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As the cool autumn weather turns frosty, homeowners might want to focus on a frequently overlooked but crucial part of home maintenance: the cracks and chips of brick walkways, pavers, front steps and driveways. Beneath those fallen leaves strewn across your exterior hardscaping may lurk hidden safety hazards and cosmetic concerns that winter’s freeze-thaw cycles will only worsen. Understanding the significance of minor problems and quickly mitigating them will save you sizable future repair costs and maintain your historic brick home's integrity and aesthetic value. Here’s some steps to take in preparation to protect exterior brickwork and hardscaping before winter sets in.

What Should You Look for When Inspecting Exterior Hardscaping?

Winter is exceptionally hard on an urban garden’s hardscaping features, including the retaining walls. With brick pathways already subjected to a high level of foot traffic throughout the warmer seasons, winter adds its own concerns to the mix. A combination of snow, ice, melting, and anti-slip measures such as salt or sand takes its toll on even the hardiest exterior brick hardscaping

After sweeping away the leaves and dirt, carefully inspect your walkways, driveways, patios and front steps for loose bricks, chips and cracks. When examining your stairs, make sure to check mortar joints and ensure there is no missing or damaged mortar. All your exterior hardscaping should be intact, smooth and level. If the surfaces show signs of wear, are loose or uneven, it’s time to call an expert to prevent further damage.

Why Are Chips and Cracks in Exterior Structures Such a Big Concern?

Compromised exterior brick and other hardscaping materials open a pathway for water to infiltrate the building material and the base underneath. As the water goes through winter’s freeze-thaw cycle, the expanding ice pushes cracks wider, allowing even more water in, creating a vicious cycle of damage. Larger amounts of water can erode the packed substrate beneath the hardscaping, washing it away and compromising the structural integrity of the entire feature.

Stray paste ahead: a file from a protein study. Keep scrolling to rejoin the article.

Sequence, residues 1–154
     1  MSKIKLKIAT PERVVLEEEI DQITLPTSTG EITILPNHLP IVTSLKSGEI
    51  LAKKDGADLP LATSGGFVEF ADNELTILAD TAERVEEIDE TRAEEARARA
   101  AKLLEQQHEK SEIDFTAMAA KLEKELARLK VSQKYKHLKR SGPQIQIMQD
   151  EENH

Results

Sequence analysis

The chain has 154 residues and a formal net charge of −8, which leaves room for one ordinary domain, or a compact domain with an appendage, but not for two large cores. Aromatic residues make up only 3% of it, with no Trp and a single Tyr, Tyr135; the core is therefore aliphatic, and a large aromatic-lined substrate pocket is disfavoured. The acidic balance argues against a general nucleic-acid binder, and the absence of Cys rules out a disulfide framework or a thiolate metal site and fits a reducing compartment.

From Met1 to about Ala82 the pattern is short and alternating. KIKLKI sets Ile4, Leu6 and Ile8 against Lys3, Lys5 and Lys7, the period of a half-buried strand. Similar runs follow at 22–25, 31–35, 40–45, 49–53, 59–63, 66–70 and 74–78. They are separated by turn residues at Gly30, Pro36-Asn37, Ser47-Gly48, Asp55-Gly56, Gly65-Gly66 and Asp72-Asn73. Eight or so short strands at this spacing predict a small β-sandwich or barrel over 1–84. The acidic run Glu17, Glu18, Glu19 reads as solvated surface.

Water isn’t the only problem. Chips and cracks can also invite aggressive weeds to take up residence in the small spaces. Although the plants may be dormant in the late fall, their roots will continue to grow, forcing the cracks wider. By the time winter is over, you could find yourself with a wild urban garden in places you never wanted things to grow.

The Value in Repairing Exterior Urban Structures Now

There are numerous reasons why repairing minor problems now is a critical undertaking. The number one reason is your safety, and that of your family and guests. Large cracks and uneven surfaces create significant tripping hazards, while pooling water creates the perfect conditions for ice to form, leading to slips and falls. 

Financially, if the problems are not addressed promptly, they can lead to more costly fixes in the future. It is always less expensive to take care of a minor repair than to replace entire structures. Freeze-thaw cycles and subsequent water damage can also reduce the lifespan of exterior hardscaping, preventing you from realizing the full value of your original investment while paying for its replacement much sooner than anticipated.

Aesthetically, problems caused by winter damage detract from your property's visual appeal, making the exterior look worn-out and poorly maintained. This can hurt your home’s curb appeal and lower its potential value, especially if you might have plans to sell it in the future.

Contact a Professional for Expert Repair

Repairing hardscaping is more than simply bricklaying.  Matching your existing features, repairing historic steps with the correct lime-based mortar mixtures and identifying the source of the problem is key to effective repairs and value for money. Hiring a historic brick expert can help ensure your home stays safe and problem-free all winter.

Renaissance Development, experts in traditional tuckpointing methods, specializes in brick repair and restoration projects in Capitol Hill and many other historic neighborhoods in Washington, DC. Contact us today for expert advice on your retaining wall or your historic brick home.

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Post by Christina Wilson
Oct 19, 2023 8:30:00 AM